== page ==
Publisher convicted

New York, August 2, 2002
—On July 31, Abdullah Keskin, a Turkish publisher charged with “separatist propaganda” for publishing a U.S. journalist’s book about Turkey’s Kurdish minority population, was convicted and sentenced to a six-month prison sentence, which the court converted to a fine of about US$500.

An Istanbul State Security Court ruled on Wednesday that Keskin had violated Article 8 of Turkey’s Anti-Terror Law when his publishing house, Avesta, printed a Turkish edition of After Such Knowledge, What Forgiveness? My Encounters in Kurdistan, a book about the Kurds written by retired Washington Post correspondent Jonathan Randal.

Keskin, who was out of the country and did not attend the hearing, will appeal the verdict, his lawyer said.

State prosecutors based the charges against Keskin on several passages from the book that contained references to “Kurdistan,” which literally means “land of the Kurds.” Turkish courts often cite such references to justify prosecuting journalists and intellectuals for allegedly supporting the separatist ambitions of Turkey’s Kurdish minority population. Despite recent legislative efforts in Turkey aimed at alleviating restrictions on freedom of expression and improving the country’s chances of membership in the European Union, courts continue to apply restrictive laws to prosecute journalists for their work.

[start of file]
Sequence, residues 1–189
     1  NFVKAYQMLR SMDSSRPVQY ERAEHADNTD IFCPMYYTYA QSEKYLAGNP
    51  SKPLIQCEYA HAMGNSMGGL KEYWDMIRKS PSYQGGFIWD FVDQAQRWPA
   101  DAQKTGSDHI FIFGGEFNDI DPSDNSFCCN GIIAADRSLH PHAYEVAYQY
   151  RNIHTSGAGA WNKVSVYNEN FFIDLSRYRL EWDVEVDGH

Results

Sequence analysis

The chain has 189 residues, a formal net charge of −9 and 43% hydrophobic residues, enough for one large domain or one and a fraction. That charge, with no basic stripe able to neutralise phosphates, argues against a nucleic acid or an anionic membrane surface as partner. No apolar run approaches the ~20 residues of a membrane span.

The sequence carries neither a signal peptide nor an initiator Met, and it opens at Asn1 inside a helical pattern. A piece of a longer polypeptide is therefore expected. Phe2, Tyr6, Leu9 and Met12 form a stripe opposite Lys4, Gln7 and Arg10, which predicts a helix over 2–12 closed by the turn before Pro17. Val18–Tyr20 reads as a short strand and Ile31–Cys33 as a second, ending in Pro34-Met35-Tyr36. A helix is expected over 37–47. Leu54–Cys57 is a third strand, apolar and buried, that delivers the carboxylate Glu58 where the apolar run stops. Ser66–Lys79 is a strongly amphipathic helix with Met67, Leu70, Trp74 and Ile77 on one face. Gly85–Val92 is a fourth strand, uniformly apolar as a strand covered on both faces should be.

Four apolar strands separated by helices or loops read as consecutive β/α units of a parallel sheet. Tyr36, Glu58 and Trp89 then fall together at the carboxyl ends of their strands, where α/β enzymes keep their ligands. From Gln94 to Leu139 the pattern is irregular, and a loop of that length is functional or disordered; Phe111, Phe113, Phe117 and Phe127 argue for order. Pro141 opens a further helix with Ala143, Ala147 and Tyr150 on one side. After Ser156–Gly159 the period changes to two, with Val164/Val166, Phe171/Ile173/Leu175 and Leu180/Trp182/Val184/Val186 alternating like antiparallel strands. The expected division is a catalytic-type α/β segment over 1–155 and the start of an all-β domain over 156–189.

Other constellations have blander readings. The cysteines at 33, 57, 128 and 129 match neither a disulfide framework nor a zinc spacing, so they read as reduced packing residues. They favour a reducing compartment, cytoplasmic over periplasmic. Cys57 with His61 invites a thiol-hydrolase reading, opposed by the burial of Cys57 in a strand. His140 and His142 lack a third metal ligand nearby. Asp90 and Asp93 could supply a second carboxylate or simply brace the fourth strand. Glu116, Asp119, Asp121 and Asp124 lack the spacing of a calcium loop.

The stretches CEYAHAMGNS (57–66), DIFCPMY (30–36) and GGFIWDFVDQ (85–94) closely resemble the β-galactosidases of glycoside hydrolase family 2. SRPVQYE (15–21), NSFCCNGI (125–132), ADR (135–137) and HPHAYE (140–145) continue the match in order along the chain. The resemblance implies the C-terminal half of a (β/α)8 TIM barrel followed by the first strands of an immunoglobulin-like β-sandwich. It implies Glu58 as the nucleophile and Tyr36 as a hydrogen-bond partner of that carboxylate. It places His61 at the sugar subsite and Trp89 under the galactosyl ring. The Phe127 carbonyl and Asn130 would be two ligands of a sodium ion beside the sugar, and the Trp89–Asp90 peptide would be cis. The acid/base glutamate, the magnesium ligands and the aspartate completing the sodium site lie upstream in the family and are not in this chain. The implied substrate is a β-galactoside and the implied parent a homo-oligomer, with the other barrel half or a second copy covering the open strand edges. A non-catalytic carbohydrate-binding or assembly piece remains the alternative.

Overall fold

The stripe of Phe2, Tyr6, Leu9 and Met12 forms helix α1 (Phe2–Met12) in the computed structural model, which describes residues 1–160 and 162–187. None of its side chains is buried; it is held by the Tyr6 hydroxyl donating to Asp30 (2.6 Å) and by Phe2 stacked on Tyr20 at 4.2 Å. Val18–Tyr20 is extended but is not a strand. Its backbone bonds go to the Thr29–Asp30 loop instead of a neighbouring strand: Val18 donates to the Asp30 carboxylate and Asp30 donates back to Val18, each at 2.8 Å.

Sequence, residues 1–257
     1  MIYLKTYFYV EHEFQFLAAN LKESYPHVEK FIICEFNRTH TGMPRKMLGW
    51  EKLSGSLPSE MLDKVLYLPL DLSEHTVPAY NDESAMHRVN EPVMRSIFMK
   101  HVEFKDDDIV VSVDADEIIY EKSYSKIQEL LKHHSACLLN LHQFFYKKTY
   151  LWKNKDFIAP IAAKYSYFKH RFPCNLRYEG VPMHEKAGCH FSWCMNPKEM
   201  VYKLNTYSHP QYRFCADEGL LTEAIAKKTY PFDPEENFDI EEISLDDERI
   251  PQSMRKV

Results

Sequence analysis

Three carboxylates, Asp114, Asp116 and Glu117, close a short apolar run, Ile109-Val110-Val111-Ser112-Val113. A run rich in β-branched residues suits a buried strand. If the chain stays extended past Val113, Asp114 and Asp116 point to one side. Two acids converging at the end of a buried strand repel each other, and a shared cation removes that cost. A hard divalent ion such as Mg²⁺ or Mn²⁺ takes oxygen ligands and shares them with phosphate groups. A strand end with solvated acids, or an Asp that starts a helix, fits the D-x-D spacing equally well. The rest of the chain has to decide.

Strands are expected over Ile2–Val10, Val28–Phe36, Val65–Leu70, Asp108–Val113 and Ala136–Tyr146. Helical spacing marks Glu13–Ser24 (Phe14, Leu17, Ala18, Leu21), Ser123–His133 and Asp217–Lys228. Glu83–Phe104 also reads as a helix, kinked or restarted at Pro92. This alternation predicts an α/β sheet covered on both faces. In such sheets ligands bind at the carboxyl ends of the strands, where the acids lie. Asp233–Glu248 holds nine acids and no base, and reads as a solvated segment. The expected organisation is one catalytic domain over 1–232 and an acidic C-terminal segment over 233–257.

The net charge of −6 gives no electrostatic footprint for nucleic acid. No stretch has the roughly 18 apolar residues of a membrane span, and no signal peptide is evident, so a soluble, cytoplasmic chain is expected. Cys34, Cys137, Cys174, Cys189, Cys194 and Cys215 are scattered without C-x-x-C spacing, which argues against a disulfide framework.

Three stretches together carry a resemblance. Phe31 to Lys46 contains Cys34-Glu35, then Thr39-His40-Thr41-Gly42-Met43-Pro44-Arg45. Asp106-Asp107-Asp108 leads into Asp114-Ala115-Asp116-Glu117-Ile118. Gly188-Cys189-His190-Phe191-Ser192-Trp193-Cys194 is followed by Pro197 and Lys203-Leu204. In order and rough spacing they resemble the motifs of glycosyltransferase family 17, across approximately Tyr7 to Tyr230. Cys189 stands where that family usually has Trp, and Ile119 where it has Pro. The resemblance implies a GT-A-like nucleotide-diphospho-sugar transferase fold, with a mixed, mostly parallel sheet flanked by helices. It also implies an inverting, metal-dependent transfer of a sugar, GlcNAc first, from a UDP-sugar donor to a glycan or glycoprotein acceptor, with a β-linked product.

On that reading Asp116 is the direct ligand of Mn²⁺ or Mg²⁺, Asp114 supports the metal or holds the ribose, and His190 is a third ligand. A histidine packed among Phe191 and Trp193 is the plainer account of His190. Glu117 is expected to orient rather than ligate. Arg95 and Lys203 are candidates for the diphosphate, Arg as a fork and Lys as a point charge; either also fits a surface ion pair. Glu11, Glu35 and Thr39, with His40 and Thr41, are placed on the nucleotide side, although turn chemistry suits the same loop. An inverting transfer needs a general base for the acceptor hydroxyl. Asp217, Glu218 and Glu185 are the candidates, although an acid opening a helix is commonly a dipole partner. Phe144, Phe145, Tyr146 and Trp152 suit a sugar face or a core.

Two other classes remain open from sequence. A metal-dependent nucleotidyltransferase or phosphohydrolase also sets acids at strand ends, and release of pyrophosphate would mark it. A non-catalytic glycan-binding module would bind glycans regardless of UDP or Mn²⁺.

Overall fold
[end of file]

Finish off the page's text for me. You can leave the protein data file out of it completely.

“While we are relieved that Keskin will not spend time in prison, this conviction shows that practicing journalism can still be a crime in Turkey,” said CPJ executive director Ann Cooper. “Turkey is far from bringing its laws in line with international standards for press freedom.”
Randal’s book, originally published in 1997, was later translated into several languages. The Turkish edition, which Avesta published in 2001, was confiscated on January 15, 2002 and remains banned.

In January 2002, Keskin was charged with violating the Anti-Terror Law. His trial began on April 3.

Currently, Turkey jails more journalists than any other country in Europe or the Middle East. At the end of 2001, thirteen Turkish journalists were in prison, mainly because of their affiliation with pro-Kurdish or leftist publications.